Translated by Laurie Thompson. MacLehose Press, £12.99, 186pp. £10.99 from the Independent Bookshop: 08430 600 030
The Expo Files, By Stieg Larsson
It's a mystery as provocative as anything in The Millennium Trilogy: is there a fourth book by the author of The Girl with the Dragon Tattoo? How much more did Stieg Larsson write about the fascinating, sociopathic Lisbeth Salander before his prodigally unhealthy lifestyle ended his life at the age of 50?
The answer to that is swirling around in the acrimonious dispute between Larsson's ex-partner and his blood relatives – but succour is at hand for those suffering serious Larsson withdrawal symptoms: The Expo Files, edited by his journalistic colleague Daniel Poohl.
Stieg Larsson was comfortably among the most commercially successful writers of the first decade of the 21st century, albeit posthumously. In the course of the sprawling, politically charged, violent epic that is The Millennium Trilogy, Larsson invites us to gaze at the sexually polymorphous, much-abused heroine Lisbeth Salander. In fact, the non-consensual sex in the novel quickly became one of its most controversial elements – defended as possessing a keen feminist tenor but excoriated by those who felt that the repeated rapes were gloating and exploitative, granted a cynical feminist gloss in order to make them acceptable (and politically correct) to modern readers.
Such issues are touched on in The Expo Files. Courtesy of the writer's British publisher, we are given several fascinating insights into Larsson's non-fiction writings; they may not settle such arguments, but give the reader his authentic voice as a journalist (and even his skills in this area have been disputed in very public fashion since his death).
Before creating his fictional surrogate Mikhail Blomkvist, Larsson was already celebrated as a campaigning journalist, taking on anti-Semitism and corruption in government. He added battles for the rights of battered women to his already weighty political résumé, but was most celebrated as an authority on extremist organisations; his sorties against them often put him in physical danger. His name was known in this country from the pages of Searchlight magazine, but his own magazine was the Swedish journal Expo, from which the passionately written articles collected here are drawn.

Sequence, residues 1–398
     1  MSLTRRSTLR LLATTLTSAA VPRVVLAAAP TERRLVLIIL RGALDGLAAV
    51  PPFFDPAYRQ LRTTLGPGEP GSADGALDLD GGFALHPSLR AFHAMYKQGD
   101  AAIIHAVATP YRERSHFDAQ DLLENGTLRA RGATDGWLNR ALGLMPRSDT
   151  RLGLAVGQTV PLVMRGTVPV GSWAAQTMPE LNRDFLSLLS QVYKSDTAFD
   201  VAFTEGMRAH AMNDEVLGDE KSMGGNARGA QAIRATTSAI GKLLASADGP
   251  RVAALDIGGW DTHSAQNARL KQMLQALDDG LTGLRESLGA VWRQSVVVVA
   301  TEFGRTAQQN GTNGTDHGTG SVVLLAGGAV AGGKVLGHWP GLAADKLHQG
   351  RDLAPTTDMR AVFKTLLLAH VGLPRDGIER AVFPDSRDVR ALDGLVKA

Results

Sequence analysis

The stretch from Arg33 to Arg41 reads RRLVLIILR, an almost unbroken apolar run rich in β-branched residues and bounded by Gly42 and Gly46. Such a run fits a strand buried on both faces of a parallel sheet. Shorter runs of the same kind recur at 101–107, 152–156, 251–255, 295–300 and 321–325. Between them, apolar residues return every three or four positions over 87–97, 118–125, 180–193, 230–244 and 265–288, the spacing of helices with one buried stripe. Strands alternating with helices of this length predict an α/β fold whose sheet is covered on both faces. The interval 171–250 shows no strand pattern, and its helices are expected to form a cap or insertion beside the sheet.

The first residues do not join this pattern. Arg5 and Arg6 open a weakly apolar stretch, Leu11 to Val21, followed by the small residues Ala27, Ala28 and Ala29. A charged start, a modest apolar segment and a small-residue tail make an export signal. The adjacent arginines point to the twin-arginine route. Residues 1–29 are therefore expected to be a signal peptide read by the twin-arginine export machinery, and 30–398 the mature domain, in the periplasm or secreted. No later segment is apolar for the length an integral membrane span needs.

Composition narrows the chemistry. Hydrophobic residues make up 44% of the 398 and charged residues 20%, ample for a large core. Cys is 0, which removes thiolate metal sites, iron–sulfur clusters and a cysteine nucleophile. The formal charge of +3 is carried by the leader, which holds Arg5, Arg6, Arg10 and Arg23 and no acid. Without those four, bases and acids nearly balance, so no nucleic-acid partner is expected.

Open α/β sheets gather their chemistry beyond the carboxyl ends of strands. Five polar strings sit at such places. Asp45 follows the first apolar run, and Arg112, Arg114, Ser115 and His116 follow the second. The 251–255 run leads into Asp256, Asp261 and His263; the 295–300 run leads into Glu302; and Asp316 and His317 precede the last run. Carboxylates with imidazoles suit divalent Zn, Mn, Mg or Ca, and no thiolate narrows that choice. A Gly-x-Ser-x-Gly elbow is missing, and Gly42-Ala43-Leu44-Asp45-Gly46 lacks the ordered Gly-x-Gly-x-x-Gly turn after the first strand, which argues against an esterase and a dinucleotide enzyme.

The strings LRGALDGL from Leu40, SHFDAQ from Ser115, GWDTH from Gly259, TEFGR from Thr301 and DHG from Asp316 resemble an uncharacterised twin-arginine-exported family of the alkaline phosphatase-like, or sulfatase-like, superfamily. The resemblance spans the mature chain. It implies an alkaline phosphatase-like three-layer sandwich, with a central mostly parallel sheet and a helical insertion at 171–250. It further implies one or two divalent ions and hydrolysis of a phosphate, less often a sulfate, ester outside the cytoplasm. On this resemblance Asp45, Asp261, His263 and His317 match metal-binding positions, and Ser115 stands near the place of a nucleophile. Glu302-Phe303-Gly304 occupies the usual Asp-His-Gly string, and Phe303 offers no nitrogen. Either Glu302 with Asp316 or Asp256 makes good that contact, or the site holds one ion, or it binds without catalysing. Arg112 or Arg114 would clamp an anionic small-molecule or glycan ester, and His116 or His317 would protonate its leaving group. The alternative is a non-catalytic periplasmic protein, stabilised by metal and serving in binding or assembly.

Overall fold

Larsson's views are still controversial (the journalist Nick Cohen, for instance, criticises his almost obsessive concentration on male violence against women and also accuses him of paranoia). Larsson founded the Swedish Expo Foundation with a brief to "counteract the growth of the extreme right", and edited the house magazine Expo (the inspiration for the magazine "Millennium", which the journalist Blomkvist works on in the trilogy), penning the series of lacerating articles represented in The Expo Files. There are keen insights here into the issues that motivated him, including a chillingly prescient piece about the likelihood of terror killings in the Scandinavian countries – along with a cutting exposé of the "charlatans" of neo-spiritualism; in none of these does Larsson mince his words.
This collection – often infuriating, but always challenging – may be bought by most as an adjunct to Larsson's fictional universe, but these articles (some almost 30 years old) still have much to say to us today.
Barry Forshaw's 'Death in a Cold Climate: A Guide to Scandinavian Crime Fiction' is published by Palgrave Macmillan
Arts & Ents blogs
Owen Howells is a DJ/producer who grew up in Australia but was born in the UK. He came back to the U...
Fancy seeing a play about serial killers? How about inviting a funeral director into your home for a...
There are a good many moments in the second episode of this psychological thriller that deserve refl...
Liam Gallagher slams Daft Punk: 'I could have written Get Lucky in an hour'
Rocky Horror star Tim Curry 'suffers major stroke'
Archaeologists uncover nearly 5,000 cave paintings in Burgos, Mexico
Lord of the Sings: Sir Christopher Lee, 91, to release heavy metal album
After 61 films, including The Hangover Part III, Heather Graham admits she still likes to boogie
- 1 What, let gays get married? We must be bonkers
- 2 Rocky Horror star Tim Curry 'suffers major stroke'
- 3 Exclusive: How MI5 blackmails British Muslims
- 4 Lord of the Sings: Sir Christopher Lee, 91, to release heavy metal album
- 5 Exclusive: Woolwich killings suspect Michael Adebolajo was inspired by cleric banned from UK after urging followers to behead enemies of Islam
BMF is the UK’s biggest and best loved outdoor fitness classes
Find out what The Independent's resident travel expert has to say about one of the most beautiful small cities in the world
Nook is donating eReaders to volunteers at high-need schools and participating in exclusive events throughout the campaign.
Get the latest on The Evening Standard's campaign to get London's children reading.
Win anything from gadgets to five-star holidays on our competitions and offers page.